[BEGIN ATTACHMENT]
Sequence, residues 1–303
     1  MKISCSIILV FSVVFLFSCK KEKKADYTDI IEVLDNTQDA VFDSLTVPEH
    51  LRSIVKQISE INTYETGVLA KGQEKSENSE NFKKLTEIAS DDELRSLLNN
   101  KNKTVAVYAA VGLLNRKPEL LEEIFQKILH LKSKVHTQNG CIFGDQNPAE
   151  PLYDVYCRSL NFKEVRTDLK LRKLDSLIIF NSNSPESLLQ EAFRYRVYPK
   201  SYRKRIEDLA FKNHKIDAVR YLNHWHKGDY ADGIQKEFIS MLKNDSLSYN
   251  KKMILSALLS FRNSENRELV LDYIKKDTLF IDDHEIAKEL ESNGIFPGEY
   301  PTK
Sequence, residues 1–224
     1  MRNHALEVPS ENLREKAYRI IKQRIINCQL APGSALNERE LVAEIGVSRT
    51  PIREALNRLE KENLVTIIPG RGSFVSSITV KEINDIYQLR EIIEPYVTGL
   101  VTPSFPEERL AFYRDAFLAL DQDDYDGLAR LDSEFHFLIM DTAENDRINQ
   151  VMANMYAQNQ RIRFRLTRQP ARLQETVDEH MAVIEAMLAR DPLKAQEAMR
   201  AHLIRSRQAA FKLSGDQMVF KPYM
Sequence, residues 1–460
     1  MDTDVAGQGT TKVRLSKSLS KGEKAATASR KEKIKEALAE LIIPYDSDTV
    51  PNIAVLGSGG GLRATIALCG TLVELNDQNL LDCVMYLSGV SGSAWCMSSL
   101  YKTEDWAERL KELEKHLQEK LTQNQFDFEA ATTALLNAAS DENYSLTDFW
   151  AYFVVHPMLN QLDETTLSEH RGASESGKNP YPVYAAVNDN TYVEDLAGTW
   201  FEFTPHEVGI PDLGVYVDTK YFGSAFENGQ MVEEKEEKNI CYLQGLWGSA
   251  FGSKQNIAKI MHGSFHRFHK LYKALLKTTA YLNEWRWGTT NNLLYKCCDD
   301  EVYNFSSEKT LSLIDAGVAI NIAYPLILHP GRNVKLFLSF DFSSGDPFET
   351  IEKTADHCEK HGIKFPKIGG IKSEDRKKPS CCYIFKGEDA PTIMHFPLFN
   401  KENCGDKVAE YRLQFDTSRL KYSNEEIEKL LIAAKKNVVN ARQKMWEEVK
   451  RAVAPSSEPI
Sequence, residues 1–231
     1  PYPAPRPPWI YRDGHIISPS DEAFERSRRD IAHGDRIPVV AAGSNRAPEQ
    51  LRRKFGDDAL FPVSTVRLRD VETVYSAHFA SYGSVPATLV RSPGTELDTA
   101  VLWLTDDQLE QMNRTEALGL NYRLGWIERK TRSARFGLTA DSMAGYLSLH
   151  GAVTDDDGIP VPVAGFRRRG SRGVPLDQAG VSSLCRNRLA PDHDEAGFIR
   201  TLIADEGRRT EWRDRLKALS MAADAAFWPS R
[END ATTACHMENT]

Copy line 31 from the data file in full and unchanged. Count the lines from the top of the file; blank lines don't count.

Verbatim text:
   201  TLIADEGRRT EWRDRLKALS MAADAAFWPS R